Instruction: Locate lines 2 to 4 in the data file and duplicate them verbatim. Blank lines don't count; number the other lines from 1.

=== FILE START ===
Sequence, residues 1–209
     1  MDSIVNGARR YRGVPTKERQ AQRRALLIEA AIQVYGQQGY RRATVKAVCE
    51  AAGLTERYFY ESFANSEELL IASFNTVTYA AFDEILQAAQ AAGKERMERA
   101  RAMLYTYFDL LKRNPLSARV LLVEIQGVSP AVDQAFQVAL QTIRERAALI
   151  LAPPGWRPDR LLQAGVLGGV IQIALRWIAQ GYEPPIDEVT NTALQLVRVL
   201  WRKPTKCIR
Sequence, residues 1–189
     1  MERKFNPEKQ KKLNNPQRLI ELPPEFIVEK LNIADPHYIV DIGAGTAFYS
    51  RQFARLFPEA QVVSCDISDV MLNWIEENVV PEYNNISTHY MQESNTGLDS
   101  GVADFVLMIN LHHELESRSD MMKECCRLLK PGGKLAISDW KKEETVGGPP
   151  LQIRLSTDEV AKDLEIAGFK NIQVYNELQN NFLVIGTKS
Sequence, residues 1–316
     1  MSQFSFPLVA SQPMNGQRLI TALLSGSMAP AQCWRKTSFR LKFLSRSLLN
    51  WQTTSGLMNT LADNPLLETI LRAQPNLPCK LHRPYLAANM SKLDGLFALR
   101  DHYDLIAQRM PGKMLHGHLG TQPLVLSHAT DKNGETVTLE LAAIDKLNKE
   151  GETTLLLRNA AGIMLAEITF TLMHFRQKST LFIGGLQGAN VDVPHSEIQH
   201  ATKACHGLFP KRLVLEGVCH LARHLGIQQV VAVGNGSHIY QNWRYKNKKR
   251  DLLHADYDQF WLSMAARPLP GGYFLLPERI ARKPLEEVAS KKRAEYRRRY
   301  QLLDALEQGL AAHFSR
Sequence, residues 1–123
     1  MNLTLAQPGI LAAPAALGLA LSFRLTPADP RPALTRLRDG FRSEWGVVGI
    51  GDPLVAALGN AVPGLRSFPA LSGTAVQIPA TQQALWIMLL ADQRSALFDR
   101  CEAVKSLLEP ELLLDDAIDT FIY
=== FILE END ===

     1  MDSIVNGARR YRGVPTKERQ AQRRALLIEA AIQVYGQQGY RRATVKAVCE
    51  AAGLTERYFY ESFANSEELL IASFNTVTYA AFDEILQAAQ AAGKERMERA
   101  RAMLYTYFDL LKRNPLSARV LLVEIQGVSP AVDQAFQVAL QTIRERAALI